In the recent months, China has acted with great perspicacity to establish itself as a leading economic power which is willing to enter into a relationship of partnership with the United States. This was the subtext of Chinese Premier Wen Jia Bao’s remark in mid-March, that he was “worried” about the safety of China’s $1 trillion investment in US government treasury bonds. He called on the US to “maintain its good credit, to honour its promise and to guarantee the safety of China’s assets.” One significant consequence of the crisis is that the Chinese have made it clear that they are interested in a gradual transition to some other regime, perhaps one in which special drawing rights can play the role of the international currency.
The 60th anniversary of the People’s Liberation Army Navy happened to take place last month. It was a good occasion to see how much China had changed from the time when it followed Deng Xiaoping’s 24-character injunction to “Observe calmly; secure our position; cope with affairs calmly; hide our capabilities and bide our time; be good at maintaining a low profile; and never claim leadership.”
The parade of naval vessels, including the spanking new Chinese nuclear propelled submarines was as impressive as the news that China had begun work on its first aircraft carrier, based on the hulk of the erstwhile Varyag which it has bought from Russia.
What happened with the United States is very different. India was lucky in the UPA’s first term to have had a president who was ideologically against the Nuclear Non-proliferation Treaty and the Comprehensive Test Ban Treaty and had a great fascination for India. The result was that these two seemingly insurmountable obstacles were simply brushed aside when the US agreed to enter into a civil nuclear cooperation agreement with India. As a result of this, the Nuclear Suppliers Group has opened the doors of all member countries for trade with India. Now that so many doors are open, it does not really matter if the US wishes to close its door. The nuclear pill that was stuck in the Indo-US face for an entire generation has been washed down and digested.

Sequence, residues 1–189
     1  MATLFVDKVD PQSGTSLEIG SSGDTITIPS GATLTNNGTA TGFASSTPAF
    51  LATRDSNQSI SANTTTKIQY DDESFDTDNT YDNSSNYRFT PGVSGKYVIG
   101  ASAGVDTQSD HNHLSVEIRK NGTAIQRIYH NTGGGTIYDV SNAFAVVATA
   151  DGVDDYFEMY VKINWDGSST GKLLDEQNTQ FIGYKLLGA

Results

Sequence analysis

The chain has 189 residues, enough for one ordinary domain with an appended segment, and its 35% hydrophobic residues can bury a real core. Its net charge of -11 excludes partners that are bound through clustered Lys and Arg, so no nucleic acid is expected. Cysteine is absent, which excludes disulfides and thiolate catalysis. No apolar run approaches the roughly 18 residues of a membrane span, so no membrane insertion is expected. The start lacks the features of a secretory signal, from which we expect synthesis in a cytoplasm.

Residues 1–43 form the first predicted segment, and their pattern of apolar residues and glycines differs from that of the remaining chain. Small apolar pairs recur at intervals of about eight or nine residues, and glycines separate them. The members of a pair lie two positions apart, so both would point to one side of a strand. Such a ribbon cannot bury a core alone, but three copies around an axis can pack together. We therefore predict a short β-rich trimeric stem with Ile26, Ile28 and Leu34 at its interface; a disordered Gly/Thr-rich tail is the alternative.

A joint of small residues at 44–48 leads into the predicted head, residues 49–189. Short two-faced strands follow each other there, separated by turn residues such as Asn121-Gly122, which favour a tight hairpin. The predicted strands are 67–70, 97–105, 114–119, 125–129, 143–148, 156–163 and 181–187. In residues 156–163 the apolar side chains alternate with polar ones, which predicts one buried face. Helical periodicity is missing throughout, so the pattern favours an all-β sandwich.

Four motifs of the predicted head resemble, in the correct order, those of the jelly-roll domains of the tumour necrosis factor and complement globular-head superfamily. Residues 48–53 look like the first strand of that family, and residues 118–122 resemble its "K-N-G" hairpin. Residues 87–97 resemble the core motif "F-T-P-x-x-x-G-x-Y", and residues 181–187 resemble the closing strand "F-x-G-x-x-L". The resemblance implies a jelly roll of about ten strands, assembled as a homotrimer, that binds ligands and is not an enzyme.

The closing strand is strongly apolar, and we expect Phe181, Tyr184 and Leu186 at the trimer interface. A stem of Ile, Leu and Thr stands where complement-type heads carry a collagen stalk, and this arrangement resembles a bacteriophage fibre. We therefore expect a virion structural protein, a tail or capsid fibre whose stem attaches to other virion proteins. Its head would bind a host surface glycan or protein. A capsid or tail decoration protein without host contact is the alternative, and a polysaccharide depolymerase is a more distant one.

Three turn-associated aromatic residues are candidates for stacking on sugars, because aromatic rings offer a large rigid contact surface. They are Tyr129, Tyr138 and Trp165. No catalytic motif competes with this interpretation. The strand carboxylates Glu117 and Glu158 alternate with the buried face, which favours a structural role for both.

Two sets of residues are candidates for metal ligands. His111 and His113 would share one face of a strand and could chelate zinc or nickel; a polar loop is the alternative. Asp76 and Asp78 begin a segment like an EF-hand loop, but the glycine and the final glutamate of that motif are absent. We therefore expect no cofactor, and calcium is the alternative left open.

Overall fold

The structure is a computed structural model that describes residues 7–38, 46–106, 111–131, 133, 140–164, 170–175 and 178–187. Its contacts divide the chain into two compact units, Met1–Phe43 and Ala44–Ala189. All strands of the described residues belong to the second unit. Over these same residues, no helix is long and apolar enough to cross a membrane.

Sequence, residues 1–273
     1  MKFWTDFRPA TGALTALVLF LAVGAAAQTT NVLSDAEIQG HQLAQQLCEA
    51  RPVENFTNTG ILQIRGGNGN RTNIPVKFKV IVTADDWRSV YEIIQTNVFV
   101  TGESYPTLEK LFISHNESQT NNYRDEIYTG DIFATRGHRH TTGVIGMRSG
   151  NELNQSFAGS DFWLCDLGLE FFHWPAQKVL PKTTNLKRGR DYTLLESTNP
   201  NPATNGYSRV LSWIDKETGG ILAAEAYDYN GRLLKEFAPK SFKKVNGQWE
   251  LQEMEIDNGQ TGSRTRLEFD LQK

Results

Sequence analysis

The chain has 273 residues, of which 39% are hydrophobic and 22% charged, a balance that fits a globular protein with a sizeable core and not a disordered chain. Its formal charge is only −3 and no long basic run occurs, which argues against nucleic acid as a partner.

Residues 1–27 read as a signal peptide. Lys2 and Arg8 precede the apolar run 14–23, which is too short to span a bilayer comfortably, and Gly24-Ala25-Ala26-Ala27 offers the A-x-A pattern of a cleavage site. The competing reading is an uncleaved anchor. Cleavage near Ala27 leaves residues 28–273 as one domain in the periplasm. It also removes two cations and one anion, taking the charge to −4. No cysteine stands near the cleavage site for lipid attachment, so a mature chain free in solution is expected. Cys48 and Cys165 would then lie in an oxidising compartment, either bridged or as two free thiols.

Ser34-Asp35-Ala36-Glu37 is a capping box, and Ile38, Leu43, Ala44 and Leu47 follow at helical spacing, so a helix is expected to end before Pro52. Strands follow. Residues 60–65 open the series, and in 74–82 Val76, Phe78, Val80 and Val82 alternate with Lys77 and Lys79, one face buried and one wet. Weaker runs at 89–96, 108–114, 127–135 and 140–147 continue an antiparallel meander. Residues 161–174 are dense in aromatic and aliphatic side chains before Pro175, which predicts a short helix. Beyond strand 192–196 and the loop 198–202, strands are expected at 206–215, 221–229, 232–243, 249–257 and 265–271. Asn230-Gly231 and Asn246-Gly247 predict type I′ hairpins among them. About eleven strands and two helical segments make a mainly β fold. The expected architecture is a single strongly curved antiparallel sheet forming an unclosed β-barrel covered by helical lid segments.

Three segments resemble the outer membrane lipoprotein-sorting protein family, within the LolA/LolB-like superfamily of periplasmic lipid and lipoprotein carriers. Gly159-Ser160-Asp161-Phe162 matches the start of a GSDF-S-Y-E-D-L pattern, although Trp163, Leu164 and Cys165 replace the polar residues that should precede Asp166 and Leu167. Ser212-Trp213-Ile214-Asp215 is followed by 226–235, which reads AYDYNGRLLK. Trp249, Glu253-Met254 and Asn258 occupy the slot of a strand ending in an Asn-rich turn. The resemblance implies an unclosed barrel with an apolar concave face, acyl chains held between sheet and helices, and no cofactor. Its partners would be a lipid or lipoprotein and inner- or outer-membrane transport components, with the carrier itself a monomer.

There is every indication that the new Obama administration and New Delhi may find themselves on opposite sides of the fence when it comes to his disarmament and climate change plans. Mr Obama is likely to be pre-occupied with PakAf through his entire term and New Delhi is likely to play only a peripheral role in American calculations. This is likely to involve the maintenance of peace on the India-Pakistan border, for which New Delhi needs no prompting, because the boot on this issue is really in the Pakistani foot. In addition, the US would want India to maintain its aid and reconstruction programme in Afghanistan, again something for which New Delhi needs little prompting, since it is fully in our national interest.
But the crises in the neighbourhood brooks no delay. New Delhi must immediately get involved in the rehabilitation and relief of the beleaguered Tamil community in Sri Lanka. It must build on the Maoist decision to persist with the political track to repair the situation in Kathmandu. Then, there is need to respond to Pakistan’s predicament, without necessarily pandering to Islamabad’s usual neuroses relating to Kashmir or alleged Indian activities in Afghanistan.
Above all New Delhi must not forget that the possibility of another Mumbai-type terrorist attack remains its first short-term national security priority. Another attack would stain the new government’s reputation, regardless of the mandate. Some hurried measures were taken last year in the wake of 26/11. The new government must move vigorously in the domestic and international arena to counter the terrorist threat.
This appeared in Mail Today May 18, 2009